Recently, a new group of 2D material showed a great promise in supercapacitors and batteries application due to their good conductivity as well as hydrophilic nature [1]. It has general formula Mn+1Xn, where n = 1, 2 or 3, M is an early transitional metal and X is C and/or N [2]. According to X-ray photoelectron spectroscopy (XPS) and energy dispersive x-ray spectrometry (EDS) studies, MXenes can be terminated with a mixture of O, OH, and/or F groups depending on the chemical etching method and post-treatment. The as-synthesized MXenes are electronically conducting and hydrophilic, which is a unique combination. Ultrasonication can be used to delaminate the 2D layers and produce single-layer and few-layered flake [3].

As MXenes are hydrophilic, once delaminated, they form stable, surfactant-free colloidal solutions in water. The possibility of intercalating MXenes with various organic molecules plays a critical role for utilizing MXene in a range of applications, from polymer reinforcements to energy storage systems. The MXenes’ 2D morphology, together with to their good electronic conductivities, render them strong candidates for many applications that range from sensors and electronic device materials to catalysts in the chemical industry, conductive reinforcement additives to polymers, and electrochemical energy storage materials, among many others [4].

We have used hydrothermal route to synthesize nanocomposite material i.e. TiCTx/MO (MO = FeO, CoO). After hydrothermal treatment, nanocomposite was calcinated at 400°C for 4 hours to get rid of entrapped moisture. Nano-composite was characterized using scanning electron microscopy, transmission electron microscopy and X-ray diffraction. After synthesis, nanocomposite was applied as anode in lithium ion battery. Anode was fabricated as thin film using doctor blade on copper foil.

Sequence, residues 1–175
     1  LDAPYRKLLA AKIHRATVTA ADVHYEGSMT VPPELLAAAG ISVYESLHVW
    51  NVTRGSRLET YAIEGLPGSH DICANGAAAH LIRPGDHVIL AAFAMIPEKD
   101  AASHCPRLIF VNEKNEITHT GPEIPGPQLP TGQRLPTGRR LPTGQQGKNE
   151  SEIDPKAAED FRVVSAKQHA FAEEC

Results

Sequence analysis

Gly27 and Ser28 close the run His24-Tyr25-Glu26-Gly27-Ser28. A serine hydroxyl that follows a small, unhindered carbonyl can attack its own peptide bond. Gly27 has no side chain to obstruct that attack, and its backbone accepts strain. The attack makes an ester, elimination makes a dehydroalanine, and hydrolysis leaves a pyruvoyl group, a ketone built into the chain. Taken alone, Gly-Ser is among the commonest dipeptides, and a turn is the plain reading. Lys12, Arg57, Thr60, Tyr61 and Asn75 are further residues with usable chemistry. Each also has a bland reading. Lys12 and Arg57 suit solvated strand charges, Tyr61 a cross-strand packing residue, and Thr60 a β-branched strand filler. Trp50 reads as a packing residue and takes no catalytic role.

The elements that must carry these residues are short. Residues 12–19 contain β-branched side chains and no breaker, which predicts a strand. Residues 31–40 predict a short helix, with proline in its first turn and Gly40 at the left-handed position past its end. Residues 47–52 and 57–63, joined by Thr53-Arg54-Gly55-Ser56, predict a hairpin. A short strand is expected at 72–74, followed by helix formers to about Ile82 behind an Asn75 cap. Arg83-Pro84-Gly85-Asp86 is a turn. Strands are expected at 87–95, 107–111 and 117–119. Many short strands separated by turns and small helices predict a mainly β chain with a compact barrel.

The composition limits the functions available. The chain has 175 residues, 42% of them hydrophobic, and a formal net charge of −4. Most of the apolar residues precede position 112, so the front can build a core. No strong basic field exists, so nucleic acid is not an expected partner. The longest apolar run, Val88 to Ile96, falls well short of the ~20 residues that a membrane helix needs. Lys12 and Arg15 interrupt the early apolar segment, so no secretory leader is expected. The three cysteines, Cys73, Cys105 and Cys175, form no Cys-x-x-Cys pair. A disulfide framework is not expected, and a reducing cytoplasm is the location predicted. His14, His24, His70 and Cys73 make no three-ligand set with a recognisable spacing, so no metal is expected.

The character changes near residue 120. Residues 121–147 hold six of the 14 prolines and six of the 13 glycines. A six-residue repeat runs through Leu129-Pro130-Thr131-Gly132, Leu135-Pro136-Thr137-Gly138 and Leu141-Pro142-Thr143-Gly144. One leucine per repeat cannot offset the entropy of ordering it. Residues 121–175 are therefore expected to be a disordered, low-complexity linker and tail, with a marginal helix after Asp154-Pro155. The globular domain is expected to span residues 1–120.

TiCTx/FeO composite as anode material exhibited discharge and charge capacities of 190 and 120 mAh/g, respectively. Characterization shows that the MO nanoparticles are not uniformly distributed and also X-ray diffraction analysis has confirmed that TiCTx has oxidized during hydrothermal treatment. Due to oxidation, the surface of TiCTx was decomposed to TiO and leaving carbon sheets behind which played a big role in decreasing conductivity of the anode. In turn, it has greatly affected its performance as anode material in the lithium ion batteries. To enhance its performance as anode material in Lithium ion batteries, it is extremely important to protect it from oxidizing. For this purpose, it should be exfoliated in a medium other than water. Besides this, metal oxide should be uniformly distributed.


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